The state coffers there will quickly run dry as a result of being cut off from Southern oil profits, and the evaporation of state finances will lead to an evaporation of state control as citizens no longer receive any government-administered benefits. The Saudis hope that this will compel the population to rise up against the Houthis and overthrow them on their own so that the GCC doesn’t have to directly invade and do it for them.

    Houthi Shiite rebels ride on a military truck while patrolling a street in Sanaa, Yemen
    © AP Photo / Hani Mohammed
    In the meantime, the Saudis will continue funneling weapons, money, and fighters to the anti-Houthi militias in the north of the country in order to expedite this process, but as with what has been documented to have occurred in Syria, Riyadh’s anti-government ‘aid’ will likely translate into supporting terrorist groups (either intentionally and/or unintentionally). Al-Qaeda is already active in the country, and in the event that law and order completely breaks down in the North (which is what the Saudi-managed blockade is intended to do), a constellation of smaller, but no less dangerous, terrorist groups may appear, perhaps even resulting in a few ISIL affiliates. Despite this, the Saudis will likely remain reluctant to commence a conventional GCC invasion, understanding fairly well that the North’s mountainous geography could bog its soldiers down and dramatically increase the chances that thousands of casualties could quickly pile up, much as they did for Nasser during Egypt’s failed intervention there in the 1960s.

    Playing With Fire

    But why does Saudi Arabia want to control the former territory of North Yemen anyhow, and why isn’t it content with its proxy conquests in the South? Here’s a look at what it wants there, as well as the perilous risks involved:

    The ‘Rewards’:

    *The Gatekeeper:

    Saudi Arabia would like to control the north reaches of the Bab-el-Mandeb strait connecting the Red Sea and the Gulf of Aden (Indian Ocean). Through the GCC, it already controls half of the Persian Gulf and the Strait of Hormuz, and it envisions doing the same on the other half of the Arabian Peninsula. It hopes that its role as partial gatekeeper over both geostrategic straits will lead to an expansion of its global influence.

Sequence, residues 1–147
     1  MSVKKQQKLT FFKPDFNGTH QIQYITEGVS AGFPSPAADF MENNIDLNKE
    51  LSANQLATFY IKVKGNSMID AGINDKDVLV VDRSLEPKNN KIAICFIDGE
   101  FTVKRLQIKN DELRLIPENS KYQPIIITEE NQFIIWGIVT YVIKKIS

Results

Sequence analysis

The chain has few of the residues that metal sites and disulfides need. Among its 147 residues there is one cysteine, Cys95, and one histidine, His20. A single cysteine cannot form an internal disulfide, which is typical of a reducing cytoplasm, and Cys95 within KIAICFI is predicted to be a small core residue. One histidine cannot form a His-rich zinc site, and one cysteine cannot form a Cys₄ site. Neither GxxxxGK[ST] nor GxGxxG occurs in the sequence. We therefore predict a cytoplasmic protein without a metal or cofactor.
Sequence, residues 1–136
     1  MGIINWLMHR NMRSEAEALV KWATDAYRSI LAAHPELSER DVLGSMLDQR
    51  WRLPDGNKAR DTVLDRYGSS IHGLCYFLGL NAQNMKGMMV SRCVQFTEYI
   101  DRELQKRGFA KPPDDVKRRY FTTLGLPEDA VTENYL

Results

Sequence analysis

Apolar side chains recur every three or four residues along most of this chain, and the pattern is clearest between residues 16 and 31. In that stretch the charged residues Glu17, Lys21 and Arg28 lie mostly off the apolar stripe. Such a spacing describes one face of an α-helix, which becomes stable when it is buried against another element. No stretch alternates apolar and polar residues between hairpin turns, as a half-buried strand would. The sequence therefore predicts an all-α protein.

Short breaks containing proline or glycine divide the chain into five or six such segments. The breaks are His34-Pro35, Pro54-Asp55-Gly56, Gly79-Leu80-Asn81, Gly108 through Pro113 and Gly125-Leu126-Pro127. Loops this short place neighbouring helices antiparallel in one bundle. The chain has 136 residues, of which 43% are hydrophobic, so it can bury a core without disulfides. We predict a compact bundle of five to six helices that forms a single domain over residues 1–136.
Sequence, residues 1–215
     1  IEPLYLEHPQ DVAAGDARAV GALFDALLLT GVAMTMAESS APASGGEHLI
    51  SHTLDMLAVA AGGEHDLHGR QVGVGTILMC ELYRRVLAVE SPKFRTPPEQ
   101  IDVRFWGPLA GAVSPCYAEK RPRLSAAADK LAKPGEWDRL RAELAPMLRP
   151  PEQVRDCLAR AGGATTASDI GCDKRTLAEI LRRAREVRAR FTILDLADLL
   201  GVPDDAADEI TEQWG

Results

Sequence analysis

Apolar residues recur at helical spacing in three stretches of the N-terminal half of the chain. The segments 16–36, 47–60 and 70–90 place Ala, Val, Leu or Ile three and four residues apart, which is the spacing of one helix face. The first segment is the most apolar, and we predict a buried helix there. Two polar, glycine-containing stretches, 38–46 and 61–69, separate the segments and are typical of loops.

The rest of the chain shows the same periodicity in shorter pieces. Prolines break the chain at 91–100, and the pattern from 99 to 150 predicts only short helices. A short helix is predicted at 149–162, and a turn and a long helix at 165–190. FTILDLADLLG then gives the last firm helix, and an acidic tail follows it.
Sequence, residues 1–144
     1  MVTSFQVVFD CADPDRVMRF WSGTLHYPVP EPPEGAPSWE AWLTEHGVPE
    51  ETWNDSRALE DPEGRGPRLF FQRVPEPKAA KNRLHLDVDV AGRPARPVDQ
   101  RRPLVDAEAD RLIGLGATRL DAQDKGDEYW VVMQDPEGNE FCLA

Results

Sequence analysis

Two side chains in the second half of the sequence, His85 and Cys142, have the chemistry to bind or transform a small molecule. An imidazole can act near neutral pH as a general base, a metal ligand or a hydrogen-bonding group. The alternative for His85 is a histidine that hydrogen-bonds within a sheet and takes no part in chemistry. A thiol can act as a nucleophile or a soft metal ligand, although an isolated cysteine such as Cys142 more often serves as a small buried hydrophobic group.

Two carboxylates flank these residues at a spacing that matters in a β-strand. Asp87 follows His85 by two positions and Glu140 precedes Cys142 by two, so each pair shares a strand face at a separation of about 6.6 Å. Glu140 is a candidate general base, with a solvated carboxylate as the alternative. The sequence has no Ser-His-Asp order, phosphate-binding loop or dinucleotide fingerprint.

* The Slave Driver:

    There’s been previous talk about Yemen joining the GCC, and if a pro-Saudi government (presumably led by Hadi) pulls the full country into the organization, it’ll provide the region’s sheikh’s with millions of cheap laborers to power the group’s post-oil economy. This ‘real economy’ of goods and services could be invested in and exploited by the oil kingdoms so that their own citizens can continue to live in relative comfort, while the Yemenis bear the brunt of the hard labor necessary to make this economic apartheid happen.

    The Risks:

    * Blowback:

    The numerous terrorist groups that are expected to infest Yemen during the Saudi’s anti-Houthi Takfiri jihad could very easily boomerang back into the Kingdom and wreak havoc among its provinces near the border. On top of that, the Saudi-South Yemen financial blockade of North Yemen could realistically create a humanitarian crisis (concurrent with the aforementioned terrorist one) that results in potentially millions of people fleeing into the Kingdom and destabilizing it. 

    * The Trap:

    The situation might spiral so out of control that Saudi Arabia and the GCC would have no choice other than to formally intervene. This could turn Yemen into the tomb of the House of Saud, since not only would it trap it in a never-ending guerrilla war, but it could also create aftershocks powerful enough to rock the entire governing foundation of the ruling family and set the stage for the kingdom’s total collapse.

    The views and opinions expressed in the article do not necessarily reflect those of Sputnik.